President Joe Biden’s pick to lead a major federal energy agency spent years lobbying for the renewable power giant behind an offshore wind farm backed by the administration, a Washington Free Beacon review of disclosure forms found.
Shortly after his inauguration, Biden tapped Richard Glick to chair the Federal Energy Regulatory Commission. From 2001 to 2016, Glick served as head lobbyist for Avangrid Renewables, the U.S. subsidiary of Spanish electric conglomerate Iberdrola. The company holds a 50 percent stake in Vineyard Wind, which is set to become the country’s first large-scale offshore wind farm after the Biden administration approved the project on May 11.
Glick’s elevation to chairman comes as a boon to Avangrid and other renewable power companies. The role grants Glick the authority to prioritize environmental projects that bolster the White House’s green energy push and potentially enrich his former clients. The commission is also responsible for approving natural gas pipeline permits—a common target of environmentalists. Just weeks into his chairmanship, Glick announced the creation of a senior-level “environmental justice” position to determine if pipeline projects “unfairly impact historically marginalized communities.”
The “environmental justice” metric has generated backlash from Congress amid rising gas prices. A bipartisan group of 25 senators in April called on Glick to ignore any “newly contemplated considerations” and “take timely action” on the 14 pipeline projects pending before the commission.
“These projects represent substantial private sector investment in our nation’s economy and our workforce,” the letter reads. “Delaying and moving the regulatory goalposts on projects filed in good faith is contrary to the otherwise equitable application of the Policy Statement that all stakeholders expect.”
The Federal Energy Regulatory Commission did not return a request for comment.
Glick is not the only top environmental official with ties to a green energy company championed by the Biden administration. Energy Secretary Jennifer Granholm holds up to a $5 million stake in Proterra, an electric bus manufacturer that Biden has promoted on multiple occasions. A slew of Biden’s top donors also have sizable investments in the company, and Proterra recently turned to a pair of Obama administration alums to lobby the White House for funding.
In addition to Glick, deputy interior secretary nominee Tommy Beaudreau represented Vineyard Wind as a corporate attorney. Under federal ethics rules, Beaudreau is barred from participating in any “particular matter” involving his former clients for two years. The Biden appointee can, however, assert himself into deliberations pertaining to the wind industry as a whole.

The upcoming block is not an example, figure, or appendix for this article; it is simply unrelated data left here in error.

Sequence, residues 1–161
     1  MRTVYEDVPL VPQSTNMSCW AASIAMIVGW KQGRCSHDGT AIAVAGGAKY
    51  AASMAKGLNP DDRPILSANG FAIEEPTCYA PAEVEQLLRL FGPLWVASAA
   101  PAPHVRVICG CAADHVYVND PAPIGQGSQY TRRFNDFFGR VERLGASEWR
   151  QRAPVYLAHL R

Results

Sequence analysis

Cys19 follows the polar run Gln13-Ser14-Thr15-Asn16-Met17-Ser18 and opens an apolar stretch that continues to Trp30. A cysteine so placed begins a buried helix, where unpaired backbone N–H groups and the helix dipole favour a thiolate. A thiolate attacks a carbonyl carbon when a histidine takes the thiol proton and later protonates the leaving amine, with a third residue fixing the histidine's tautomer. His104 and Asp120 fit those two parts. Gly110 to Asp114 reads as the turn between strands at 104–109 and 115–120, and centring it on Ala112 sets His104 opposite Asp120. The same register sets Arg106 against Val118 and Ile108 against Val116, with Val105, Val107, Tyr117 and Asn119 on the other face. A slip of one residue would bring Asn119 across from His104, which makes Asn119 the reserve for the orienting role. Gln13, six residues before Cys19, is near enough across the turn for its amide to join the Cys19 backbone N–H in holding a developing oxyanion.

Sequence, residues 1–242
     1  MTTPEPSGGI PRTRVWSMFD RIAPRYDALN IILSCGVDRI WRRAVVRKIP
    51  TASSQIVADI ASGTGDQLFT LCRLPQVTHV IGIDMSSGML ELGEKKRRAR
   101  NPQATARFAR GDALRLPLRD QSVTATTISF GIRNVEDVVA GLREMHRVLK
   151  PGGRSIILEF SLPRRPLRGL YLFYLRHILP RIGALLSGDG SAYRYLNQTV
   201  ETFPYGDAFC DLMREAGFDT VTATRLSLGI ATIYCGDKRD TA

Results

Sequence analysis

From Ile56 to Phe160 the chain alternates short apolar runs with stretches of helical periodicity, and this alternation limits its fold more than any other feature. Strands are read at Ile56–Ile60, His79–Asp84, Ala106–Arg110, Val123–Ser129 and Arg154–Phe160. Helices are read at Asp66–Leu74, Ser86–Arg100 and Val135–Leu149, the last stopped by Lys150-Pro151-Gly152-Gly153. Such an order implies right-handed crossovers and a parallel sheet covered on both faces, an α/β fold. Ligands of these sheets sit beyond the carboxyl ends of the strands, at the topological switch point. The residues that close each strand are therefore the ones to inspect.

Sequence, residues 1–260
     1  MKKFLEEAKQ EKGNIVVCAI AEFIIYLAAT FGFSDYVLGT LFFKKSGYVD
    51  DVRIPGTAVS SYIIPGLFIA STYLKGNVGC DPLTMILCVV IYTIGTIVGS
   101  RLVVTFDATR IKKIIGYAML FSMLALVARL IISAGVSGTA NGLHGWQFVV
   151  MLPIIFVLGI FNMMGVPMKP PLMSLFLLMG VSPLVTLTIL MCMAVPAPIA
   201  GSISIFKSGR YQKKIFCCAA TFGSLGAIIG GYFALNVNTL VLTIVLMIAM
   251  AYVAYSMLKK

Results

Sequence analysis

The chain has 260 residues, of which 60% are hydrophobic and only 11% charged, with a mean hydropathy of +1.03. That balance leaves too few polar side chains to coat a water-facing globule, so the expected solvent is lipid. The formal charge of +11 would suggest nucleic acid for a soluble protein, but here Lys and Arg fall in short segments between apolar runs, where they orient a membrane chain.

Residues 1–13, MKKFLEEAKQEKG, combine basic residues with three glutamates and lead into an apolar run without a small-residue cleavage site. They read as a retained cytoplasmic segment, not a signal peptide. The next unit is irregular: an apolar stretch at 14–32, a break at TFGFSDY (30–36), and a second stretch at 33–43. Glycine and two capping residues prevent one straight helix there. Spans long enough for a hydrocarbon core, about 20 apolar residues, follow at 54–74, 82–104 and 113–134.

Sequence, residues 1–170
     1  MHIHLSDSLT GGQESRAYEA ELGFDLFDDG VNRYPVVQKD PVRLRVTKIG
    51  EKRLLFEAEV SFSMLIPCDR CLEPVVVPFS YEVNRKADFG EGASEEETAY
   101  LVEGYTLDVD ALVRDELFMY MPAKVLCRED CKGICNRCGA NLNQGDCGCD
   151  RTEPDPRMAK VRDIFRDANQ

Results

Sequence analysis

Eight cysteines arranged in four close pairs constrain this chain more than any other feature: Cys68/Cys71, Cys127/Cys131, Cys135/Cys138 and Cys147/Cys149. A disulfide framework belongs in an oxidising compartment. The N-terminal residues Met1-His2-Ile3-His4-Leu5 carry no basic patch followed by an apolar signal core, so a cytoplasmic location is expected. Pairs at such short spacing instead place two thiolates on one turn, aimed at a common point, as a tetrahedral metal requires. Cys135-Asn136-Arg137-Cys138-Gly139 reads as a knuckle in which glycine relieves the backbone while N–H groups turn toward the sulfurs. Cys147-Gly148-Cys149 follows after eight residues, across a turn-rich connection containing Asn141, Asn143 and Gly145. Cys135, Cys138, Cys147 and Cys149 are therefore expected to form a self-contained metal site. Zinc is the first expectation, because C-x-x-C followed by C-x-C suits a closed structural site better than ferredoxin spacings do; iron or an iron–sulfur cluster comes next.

Beaudreau’s financial disclosure forms reveal long ties to the industry. Over the course of his time in the private sector, Beaudreau represented 10 of the 14 companies with active wind farm proposals before the department.
Avangrid spent about $6 million on its lobbying operation under Glick’s direction, disclosures show. Glick transitioned back to the public sector in 2017, following a brief stint working for the Senate where he advised Democrats on renewable energy.
As a commission member, Glick in 2019 admonished his Republican colleagues for declining to act on an emergency waiver requested by Vineyard Wind. The waiver would have helped the offshore wind farm—located 15 miles south of Martha’s Vineyard—enter New England’s multibillion-dollar electricity market. The commission later approved an agreement between Vineyard Wind and the region’s grid operator in October.
A CNN story on Vineyard Wind published Sunday described the project as critical to Biden’s pledge of achieving a carbon-free power sector by 2035.
“The Biden administration has convened an all-of-government approach to offshore wind, which we’ve never seen before,” Avangrid told the outlet.
Only two offshore wind farms exist in the United States—both of which stand substantially smaller than the Vineyard Wind project. Waterfront property owners and local fishermen bitterly opposed the proposal before the Trump administration canceled its permitting process. Those groups appear ready for future litigation.
Although Biden sold his prioritization of offshore wind by promising “good-paying, union jobs,” much of its manufacturing takes place in Europe. That dynamic is reflected by Vineyard Wind’s corporate backers. In addition to Iberdrola’s Bilbao, Spain, headquarters, Denmark-based investment firm Copenhagen Infrastructure Partners is helping finance the project.
The Biden administration has pledged to offer billions in federal loan guarantees to drive similar projects. Multiple states on the East Coast—including Massachusetts—plan on purchasing tens of thousands of megawatts of offshore wind power in the next 15 years.
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